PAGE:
Losing our souls: torture damages all involved--so why would our government defend it?Imagine you are on your way home from vacation, making an airline connection. As you board your flight, you are detained de·tain
tr.v. de·tained, de·tain·ing, de·tains
1. To keep from proceeding; delay or retard.
2. To keep in custody or temporary confinement: by officials. After a few days of questioning, without charges or access to counsel, you are loaded onto a plane and taken to ... who knows where. Once there, you are beaten and tortured until you say anything your torturers want. Wild imagination? Not for Maher Arar Maher Arar (born 1970 in Syria), but living in Canada with dual Canadian/Syrian citizenship, is a software engineer who was deported to Syria and claims to have been tortured in what some people claim is an example of the United States policy of rendition. ; this is exactly what happened to him. His crime? A passing acquaintance with a terrorism suspect.
John Howard Yoder John Howard Yoder (December 29 1927 – December 30, 1997) was a Christian theologian, ethicist, and Biblical scholar best known for his radical Christian pacifism, his mentoring of future theologians such as Stanley Hauerwas, his loyalty to his Mennonite faith, and his 1972 once said that a pacifist was a person who realized that in striking another, you harm yourself more--this is the moral consequence of violence. This may seem shocking, but is it really different from the comments John McCain For McCain's grandfather and father, see John S. McCain, Sr. and John S. McCain, Jr., respectively
John Sidney McCain III (born August 29, 1936 in Panama Canal Zone) is an American politician, war veteran, and currently the Republican Senior U.S. Senator from Arizona. made recently in his impassioned plea that America recover the moral high ground by explicitly outlawing prisoner abuse Prisoner abuse is the mistreatment of persons while they are under arrest or incarcerated. Abuse falling into this category includes:
1. Having the ring of truth or plausibility but actually fallacious: a specious argument.
2. Deceptively attractive. justifications of torture.
Surely, none will defend torture as inherently good; rather, all arguments are based on appeal to a greater good--that is, torture accomplishes good that outweighs its inherent moral evil. Generally the argument is that we are engaged in a very different kind of war, one in which our enemies constitute a unique threat to civilian populations. Hence we must "take the gloves off" to gain the information needed to protect our people. Torture, though gruesome, is a technique that we need to have in our tool kit. Does this argument hold?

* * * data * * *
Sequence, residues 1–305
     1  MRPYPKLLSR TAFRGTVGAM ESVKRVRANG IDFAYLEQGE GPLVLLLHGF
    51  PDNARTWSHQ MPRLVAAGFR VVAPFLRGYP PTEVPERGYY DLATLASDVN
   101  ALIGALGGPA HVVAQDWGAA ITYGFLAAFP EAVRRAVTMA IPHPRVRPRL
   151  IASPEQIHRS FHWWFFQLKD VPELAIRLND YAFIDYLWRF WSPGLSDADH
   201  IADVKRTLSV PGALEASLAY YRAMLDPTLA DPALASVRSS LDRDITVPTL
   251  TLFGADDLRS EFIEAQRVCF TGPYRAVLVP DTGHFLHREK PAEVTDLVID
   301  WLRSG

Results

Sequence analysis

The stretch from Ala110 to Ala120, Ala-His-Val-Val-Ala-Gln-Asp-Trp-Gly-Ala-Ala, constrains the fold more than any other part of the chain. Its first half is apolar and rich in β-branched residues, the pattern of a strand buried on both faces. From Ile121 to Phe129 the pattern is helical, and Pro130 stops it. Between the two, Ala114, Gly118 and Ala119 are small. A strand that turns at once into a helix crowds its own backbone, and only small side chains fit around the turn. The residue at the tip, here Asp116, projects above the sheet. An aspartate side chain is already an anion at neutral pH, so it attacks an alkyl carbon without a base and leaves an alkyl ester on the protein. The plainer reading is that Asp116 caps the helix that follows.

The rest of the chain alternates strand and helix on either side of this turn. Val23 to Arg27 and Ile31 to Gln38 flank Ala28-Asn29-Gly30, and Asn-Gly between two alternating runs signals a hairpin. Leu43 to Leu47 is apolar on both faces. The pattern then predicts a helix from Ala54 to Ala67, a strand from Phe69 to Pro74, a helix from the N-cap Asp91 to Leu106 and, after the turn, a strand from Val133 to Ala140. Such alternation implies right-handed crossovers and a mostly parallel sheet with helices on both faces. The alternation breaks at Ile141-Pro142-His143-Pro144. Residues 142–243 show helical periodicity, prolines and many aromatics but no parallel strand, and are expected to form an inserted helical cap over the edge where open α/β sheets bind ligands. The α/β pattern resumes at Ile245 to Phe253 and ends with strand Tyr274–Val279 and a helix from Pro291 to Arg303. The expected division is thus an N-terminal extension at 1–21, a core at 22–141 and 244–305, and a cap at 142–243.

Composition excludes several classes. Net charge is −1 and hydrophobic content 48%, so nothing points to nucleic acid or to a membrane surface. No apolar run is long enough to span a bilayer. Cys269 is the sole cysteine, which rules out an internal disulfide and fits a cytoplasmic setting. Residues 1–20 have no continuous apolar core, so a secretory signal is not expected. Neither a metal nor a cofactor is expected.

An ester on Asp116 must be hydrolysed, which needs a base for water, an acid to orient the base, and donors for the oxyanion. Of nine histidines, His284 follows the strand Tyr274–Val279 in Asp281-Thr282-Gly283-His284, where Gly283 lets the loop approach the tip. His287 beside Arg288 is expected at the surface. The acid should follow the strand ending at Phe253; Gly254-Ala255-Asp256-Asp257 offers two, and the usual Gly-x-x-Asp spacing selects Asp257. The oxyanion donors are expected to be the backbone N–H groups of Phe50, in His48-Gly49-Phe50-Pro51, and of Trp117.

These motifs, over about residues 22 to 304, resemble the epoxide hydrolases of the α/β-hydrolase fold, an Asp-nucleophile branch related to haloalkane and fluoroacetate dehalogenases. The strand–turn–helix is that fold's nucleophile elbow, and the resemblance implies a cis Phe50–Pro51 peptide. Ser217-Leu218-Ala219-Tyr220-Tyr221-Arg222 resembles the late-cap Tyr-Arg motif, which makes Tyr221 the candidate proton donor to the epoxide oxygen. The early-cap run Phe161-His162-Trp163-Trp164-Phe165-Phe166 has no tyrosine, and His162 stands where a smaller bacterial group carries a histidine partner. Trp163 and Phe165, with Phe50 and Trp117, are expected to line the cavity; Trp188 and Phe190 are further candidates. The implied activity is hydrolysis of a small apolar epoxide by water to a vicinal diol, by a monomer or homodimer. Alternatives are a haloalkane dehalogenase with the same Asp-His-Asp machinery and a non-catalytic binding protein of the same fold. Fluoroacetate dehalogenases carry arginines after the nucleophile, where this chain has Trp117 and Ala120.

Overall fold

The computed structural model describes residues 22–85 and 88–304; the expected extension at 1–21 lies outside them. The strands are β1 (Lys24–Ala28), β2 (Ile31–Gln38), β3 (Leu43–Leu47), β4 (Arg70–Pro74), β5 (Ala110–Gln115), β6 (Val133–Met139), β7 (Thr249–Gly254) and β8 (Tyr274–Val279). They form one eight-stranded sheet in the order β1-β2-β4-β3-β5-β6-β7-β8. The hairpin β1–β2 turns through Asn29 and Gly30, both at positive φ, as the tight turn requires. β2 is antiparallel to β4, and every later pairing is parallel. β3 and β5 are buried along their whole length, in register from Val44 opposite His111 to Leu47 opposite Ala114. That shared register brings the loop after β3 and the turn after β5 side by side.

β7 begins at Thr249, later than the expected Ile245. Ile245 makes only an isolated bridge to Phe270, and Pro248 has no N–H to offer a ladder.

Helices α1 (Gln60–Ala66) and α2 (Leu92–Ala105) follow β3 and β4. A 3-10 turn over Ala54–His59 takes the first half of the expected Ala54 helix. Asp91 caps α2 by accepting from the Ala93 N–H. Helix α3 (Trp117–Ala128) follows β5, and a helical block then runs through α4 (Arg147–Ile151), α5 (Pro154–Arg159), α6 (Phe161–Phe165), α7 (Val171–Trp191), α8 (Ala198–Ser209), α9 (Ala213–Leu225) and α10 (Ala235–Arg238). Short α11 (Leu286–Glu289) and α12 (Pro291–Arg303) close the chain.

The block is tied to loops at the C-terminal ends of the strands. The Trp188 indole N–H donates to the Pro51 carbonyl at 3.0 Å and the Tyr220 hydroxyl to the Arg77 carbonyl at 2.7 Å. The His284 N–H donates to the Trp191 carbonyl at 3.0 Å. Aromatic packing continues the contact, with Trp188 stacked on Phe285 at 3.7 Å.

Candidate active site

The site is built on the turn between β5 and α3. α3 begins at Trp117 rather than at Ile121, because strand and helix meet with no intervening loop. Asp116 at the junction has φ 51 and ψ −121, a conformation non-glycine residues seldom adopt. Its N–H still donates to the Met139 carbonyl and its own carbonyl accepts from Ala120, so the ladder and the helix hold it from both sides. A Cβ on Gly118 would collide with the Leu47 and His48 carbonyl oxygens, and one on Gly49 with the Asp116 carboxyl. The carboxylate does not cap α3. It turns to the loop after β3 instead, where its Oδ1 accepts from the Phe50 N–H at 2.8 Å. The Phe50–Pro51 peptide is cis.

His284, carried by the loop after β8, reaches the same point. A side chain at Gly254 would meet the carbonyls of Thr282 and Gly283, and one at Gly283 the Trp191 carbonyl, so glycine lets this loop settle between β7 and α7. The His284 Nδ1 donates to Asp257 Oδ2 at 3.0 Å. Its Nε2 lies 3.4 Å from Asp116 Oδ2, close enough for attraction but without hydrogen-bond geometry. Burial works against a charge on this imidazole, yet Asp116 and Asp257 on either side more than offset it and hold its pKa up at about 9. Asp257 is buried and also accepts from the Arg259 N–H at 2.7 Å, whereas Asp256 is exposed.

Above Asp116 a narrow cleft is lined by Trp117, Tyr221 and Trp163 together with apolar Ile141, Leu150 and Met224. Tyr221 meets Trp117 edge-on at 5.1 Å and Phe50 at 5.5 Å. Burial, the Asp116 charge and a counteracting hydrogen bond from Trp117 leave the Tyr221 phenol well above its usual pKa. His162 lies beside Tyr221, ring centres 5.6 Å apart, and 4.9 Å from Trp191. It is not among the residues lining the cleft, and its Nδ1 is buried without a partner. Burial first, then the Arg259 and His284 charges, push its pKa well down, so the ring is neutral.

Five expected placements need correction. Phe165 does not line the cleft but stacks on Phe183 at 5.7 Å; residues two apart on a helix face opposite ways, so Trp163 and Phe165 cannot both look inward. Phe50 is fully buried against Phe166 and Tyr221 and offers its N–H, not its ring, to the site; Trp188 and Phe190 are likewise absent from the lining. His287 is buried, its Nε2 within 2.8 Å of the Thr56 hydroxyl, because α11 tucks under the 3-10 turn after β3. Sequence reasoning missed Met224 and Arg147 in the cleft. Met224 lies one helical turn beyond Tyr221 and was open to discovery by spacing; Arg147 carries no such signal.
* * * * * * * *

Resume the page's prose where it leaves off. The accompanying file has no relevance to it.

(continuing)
Will the use of torture likely accomplish the goals we have in mind? If the goal is to get detainees to make particular statements, torture is very effective--those being tortured will say anything to stop the pain. However, if the goal is obtaining truth, as McCain and others note, torture is notoriously unreliable. So if one cares little about the truth, but wants prisoners to confess to wrongdoing wrong·do·er
One who does wrong, especially morally or ethically.
wrongdo (guilty or not), torture is the technique to use. If one wants valid and useful information, it is not.
Further, if we think we should protect our "way of life" because of its inherent moral rightness, then surely we as Christians can agree that torture is never a valid tool. Immoral practices so corrupt our way of life that any pretense to the moral high ground would be absurd. Ultimately, torture is a terrorist tool, and by using it we ourselves become terrorists.
WALKING THE MORAL high ground is costly, and one cost is accepting that some tactics are immoral and, thus, unavailable for those who choose the high ground. That we seem to have lost sight of this is exemplified by the fact that 1) though some regimes use torture, Human Rights Watch recently reported that only the United States United States, officially United States of America, republic (2005 est. pop. 295,734,000), 3,539,227 sq mi (9,166,598 sq km), North America. The United States is the world's third largest country in population and the fourth largest country in area. has openly tried to offer legal justification for its use, and that 2) the church has largely remained silent on this issue.
What might we do? Here, as often, our best service is to educate ourselves and others and then to shine a bright light into the darkness--letters to the editor, encouragement to McCain for his leadership, organizing prayer vigils. We must help all Americans to see the full facts of torture in hopes that, once seen, it will not be tolerated.
In the words of South African Bishop Peter Storey Peter Edwin Storey (born September 7, 1945) is an English former football player.
Storey spent most of his career at Arsenal, joining the club as an apprentice in 1961 and turning professional the following year. : "There is a price to be paid for the right to be called a civilized nation. That price can be paid in only one currency-the currency of human rights.... The rule of law says that cruel and inhuman punishment is beneath the dignity of a civilized state.... We send a message to the jailers, interrogators, and those who make such practices possible and permissible: 'Power is a fleeting thing. One day your souls will be required of you.'"
Chuck Gutenson, on loan from Asbury Seminary in Wilmore, Kentucky Wilmore is a city in Jessamine County, Kentucky, United States. The population was 5,905 at the 2000 census. Institutions
Wilmore has two institutions of higher learning: Asbury College and Asbury Theological Seminary. , works on strategic planning Strategic planning is an organization's process of defining its strategy, or direction, and making decisions on allocating its resources to pursue this strategy, including its capital and people. and resource development for Sojourners and Call to Renewal.